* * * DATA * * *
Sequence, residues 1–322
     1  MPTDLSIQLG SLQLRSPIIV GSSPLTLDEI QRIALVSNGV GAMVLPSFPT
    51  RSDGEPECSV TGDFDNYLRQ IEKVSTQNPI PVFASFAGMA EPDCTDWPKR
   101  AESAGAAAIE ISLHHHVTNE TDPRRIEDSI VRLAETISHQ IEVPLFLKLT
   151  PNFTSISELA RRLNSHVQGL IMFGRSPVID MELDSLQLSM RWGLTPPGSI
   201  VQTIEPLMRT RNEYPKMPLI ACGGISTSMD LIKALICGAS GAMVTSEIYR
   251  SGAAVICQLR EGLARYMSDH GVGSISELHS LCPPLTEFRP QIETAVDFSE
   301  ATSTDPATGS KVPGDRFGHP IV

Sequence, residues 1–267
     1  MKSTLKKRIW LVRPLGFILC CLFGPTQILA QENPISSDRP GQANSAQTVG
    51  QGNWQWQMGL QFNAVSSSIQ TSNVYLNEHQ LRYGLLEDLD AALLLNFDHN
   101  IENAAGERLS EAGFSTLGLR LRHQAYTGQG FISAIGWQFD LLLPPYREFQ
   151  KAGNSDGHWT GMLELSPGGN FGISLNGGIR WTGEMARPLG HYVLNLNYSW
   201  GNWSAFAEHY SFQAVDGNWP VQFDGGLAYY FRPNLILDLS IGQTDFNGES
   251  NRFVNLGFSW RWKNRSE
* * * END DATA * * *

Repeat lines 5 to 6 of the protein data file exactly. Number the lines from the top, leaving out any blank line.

   151  PNFTSISELA RRLNSHVQGL IMFGRSPVID MELDSLQLSM RWGLTPPGSI
   201  VQTIEPLMRT RNEYPKMPLI ACGGISTSMD LIKALICGAS GAMVTSEIYR